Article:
Objective To estimate the lifetime gain in the health-related quality of life (HRQOL) from early detection of cervical cancer. Methods A consecutive, cross-sectional sample of 421 patients with cervical cancer was administered the World Health Organization Quality of Life-brief version questionnaires. A nationwide sample of 22,543 patients with invasive cervical cancer (ICC) was collected from the national cancer registry for estimation of lifetime survival function from 1998 to 2007, which was further multiplied by the ratio of HRQOL score functions for patients with ICC and patients with carcinoma in situ (CIS), and summed up over lifetime to obtain expected relative-quality-adjusted survival. The difference between lifetime survival and the expected relative-quality-adjusted survival gives the expected total dissatisfied time during the life course. Results In comparison with patients with CIS postconization, patients with ICC showed consistently lower scores in the physical and psychological domains and that of sexual life after adjustment for other risk factors. The expected years of life lost for an invasive cancer was 6.48 years using the general population as the reference cohort, while the durations of equivalent to living with a very dissatisfied HRQOL were 1.71 and 0.25 for the physical and psychological domains, respectively, and 1.47 years for sexual life. Validation of the extrapolation method based on a subcohort followed from the 6th to the 13th year shows a relative bias of 0.4%. Sensitivity analysis with 37,000 CIS cases as the reference cohort yields a similar result. Conclusions Early detection of cervical cancer not only avoids premature mortality but also prevents long-term living under lower HRQOL scores, including sexual life.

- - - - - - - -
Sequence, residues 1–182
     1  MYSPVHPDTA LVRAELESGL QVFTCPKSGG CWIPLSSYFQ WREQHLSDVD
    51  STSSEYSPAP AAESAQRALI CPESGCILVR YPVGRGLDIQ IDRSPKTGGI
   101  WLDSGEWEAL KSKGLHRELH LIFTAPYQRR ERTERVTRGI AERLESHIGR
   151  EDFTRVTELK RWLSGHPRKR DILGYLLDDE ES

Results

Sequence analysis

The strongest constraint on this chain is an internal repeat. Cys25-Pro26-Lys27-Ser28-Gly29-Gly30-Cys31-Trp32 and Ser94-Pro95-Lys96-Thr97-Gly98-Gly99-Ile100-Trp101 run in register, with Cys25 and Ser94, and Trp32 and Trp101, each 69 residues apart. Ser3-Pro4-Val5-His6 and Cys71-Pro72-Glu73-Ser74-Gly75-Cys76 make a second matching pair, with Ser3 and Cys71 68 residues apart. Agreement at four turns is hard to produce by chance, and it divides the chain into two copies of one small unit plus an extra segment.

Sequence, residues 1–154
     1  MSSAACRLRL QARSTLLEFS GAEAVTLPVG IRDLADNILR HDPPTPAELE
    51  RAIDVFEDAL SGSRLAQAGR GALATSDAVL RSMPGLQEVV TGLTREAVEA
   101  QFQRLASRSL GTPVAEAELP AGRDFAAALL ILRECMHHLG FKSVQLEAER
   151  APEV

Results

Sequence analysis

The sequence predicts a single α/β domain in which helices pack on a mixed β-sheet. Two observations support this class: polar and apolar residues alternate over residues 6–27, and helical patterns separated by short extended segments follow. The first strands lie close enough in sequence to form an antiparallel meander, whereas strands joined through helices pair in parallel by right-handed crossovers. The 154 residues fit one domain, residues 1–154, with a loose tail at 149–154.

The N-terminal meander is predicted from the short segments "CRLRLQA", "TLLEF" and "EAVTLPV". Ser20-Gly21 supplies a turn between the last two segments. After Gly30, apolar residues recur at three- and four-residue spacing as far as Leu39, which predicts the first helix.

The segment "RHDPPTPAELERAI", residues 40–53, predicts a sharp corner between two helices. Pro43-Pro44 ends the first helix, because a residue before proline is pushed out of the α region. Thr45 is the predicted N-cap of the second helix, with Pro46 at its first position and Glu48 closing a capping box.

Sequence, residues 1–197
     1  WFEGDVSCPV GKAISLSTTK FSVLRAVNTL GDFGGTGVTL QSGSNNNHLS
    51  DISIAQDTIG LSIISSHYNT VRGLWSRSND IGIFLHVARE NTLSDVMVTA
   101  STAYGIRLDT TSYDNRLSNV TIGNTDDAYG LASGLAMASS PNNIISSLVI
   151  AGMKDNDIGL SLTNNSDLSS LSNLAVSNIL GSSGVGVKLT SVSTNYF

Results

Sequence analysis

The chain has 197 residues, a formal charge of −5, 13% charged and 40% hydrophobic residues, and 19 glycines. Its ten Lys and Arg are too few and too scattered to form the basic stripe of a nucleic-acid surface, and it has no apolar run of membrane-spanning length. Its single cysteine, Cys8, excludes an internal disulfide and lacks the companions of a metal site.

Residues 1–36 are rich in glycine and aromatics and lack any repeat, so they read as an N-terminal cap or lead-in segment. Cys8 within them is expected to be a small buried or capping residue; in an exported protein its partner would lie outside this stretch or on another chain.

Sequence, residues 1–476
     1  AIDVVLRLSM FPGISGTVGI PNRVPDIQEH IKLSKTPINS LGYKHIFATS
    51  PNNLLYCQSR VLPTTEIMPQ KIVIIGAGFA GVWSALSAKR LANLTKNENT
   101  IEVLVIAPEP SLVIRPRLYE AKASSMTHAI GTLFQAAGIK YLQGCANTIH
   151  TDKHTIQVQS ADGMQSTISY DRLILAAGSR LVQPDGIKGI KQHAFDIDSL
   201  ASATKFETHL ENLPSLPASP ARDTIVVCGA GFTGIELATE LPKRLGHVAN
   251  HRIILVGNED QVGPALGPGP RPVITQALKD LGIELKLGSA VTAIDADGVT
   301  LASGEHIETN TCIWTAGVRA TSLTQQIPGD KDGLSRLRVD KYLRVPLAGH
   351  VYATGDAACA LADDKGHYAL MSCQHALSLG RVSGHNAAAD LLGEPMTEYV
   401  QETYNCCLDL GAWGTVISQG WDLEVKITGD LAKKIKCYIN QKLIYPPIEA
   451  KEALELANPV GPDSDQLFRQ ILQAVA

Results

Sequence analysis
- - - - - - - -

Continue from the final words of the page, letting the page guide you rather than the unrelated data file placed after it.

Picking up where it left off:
All Science Journal Classification (ASJC) codes
- Health Policy
- Public Health, Environmental and Occupational Health